The breed is hand stripped. Clipping is inappropriate for the show ring.
The following colors are equally acceptable: solid colors, including blue, black, liver, red and wheaten: wheaten or golden tan with a saddle. The saddle may be blue, black, liver, or varying shades of grizzle. Grizzle is a blend of red or wheaten intermixed with varying amounts of black, blue or liver. In saddle-marked dogs, the saddle covers the back of the neck, back, sides, and up the tail.
Height & Weight
Ideal height is 14½ inches at the withers. Ideal weight is 17 pounds for males, 15 pounds for females.
Movement is straightforward and free, with good reach in front and drive behind. It is smooth, efficient, and ground-covering. Coming and going, the legs are straight. The feet turn neither in nor out; the elbows are close to the sides in front, and the hocks are straight behind.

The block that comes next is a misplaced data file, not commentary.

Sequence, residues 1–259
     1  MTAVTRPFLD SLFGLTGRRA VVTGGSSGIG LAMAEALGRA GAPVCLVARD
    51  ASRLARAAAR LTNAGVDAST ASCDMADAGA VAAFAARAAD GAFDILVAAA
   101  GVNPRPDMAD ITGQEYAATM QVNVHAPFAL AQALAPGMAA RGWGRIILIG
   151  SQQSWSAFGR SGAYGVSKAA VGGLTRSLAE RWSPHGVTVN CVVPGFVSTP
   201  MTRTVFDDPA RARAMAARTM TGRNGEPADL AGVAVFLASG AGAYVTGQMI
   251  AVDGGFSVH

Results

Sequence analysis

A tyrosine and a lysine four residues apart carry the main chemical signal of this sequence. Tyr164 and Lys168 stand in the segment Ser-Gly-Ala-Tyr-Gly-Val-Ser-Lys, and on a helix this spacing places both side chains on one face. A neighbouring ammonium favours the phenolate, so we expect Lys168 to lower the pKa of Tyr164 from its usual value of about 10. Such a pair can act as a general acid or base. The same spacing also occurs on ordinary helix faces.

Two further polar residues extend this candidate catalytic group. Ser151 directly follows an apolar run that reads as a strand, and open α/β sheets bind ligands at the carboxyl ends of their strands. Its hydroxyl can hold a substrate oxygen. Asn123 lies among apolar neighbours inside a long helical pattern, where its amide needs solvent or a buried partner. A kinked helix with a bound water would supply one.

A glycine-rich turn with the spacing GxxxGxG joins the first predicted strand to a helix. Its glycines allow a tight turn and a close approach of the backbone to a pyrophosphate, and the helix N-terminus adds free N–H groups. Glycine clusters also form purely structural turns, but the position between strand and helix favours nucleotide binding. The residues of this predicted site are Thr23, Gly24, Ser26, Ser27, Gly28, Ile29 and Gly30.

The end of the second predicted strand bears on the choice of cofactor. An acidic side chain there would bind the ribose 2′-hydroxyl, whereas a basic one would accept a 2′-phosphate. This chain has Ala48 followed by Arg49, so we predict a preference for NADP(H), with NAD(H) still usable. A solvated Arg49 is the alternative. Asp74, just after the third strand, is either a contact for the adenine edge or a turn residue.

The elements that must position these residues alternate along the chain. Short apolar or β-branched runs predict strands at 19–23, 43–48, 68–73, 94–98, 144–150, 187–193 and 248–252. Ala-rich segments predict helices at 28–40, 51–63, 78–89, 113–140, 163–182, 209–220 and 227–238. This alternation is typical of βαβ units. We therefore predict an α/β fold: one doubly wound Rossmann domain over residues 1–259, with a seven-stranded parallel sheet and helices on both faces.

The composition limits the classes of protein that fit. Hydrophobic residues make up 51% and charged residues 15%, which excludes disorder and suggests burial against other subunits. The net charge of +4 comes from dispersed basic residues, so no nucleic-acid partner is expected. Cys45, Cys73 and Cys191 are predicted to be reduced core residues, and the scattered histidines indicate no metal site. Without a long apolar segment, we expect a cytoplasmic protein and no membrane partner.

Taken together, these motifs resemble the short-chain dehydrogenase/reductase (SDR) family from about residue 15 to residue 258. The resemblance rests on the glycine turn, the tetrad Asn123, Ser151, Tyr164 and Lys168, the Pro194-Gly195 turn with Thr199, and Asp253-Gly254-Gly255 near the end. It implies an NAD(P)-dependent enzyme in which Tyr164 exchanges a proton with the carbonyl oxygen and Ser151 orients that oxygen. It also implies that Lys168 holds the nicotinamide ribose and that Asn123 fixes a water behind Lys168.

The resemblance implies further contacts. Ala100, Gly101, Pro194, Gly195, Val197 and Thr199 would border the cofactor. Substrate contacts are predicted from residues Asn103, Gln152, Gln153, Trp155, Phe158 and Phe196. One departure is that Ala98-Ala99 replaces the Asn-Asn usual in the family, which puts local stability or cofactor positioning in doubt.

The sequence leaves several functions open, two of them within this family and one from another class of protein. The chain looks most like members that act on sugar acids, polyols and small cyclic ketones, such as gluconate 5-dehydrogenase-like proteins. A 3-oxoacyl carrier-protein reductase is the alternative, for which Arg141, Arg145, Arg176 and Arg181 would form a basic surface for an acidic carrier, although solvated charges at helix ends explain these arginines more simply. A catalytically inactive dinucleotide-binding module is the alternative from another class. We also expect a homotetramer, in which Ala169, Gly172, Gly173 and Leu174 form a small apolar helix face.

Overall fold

(A dog with a Disqualification must not be considered for placement in a conformation event, and must be reported to UKC.)
Unilateral or bilateral cryptorchid.
Viciousness or extreme shyness.
The docking of tails and cropping of ears in America is legal and remains a personal choice. However, as an international registry, the United Kennel Club is aware that the practices of cropping and docking have been forbidden in some countries. In light of these developments, the United Kennel Club feels that no dog in any UKC event, including conformation, shall be penalized for a full tail or natural ears.
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Note: The breeders on this list are not endorsed by UKC.
Revised May 1, 2017
©Copyright 1995, United Kennel Club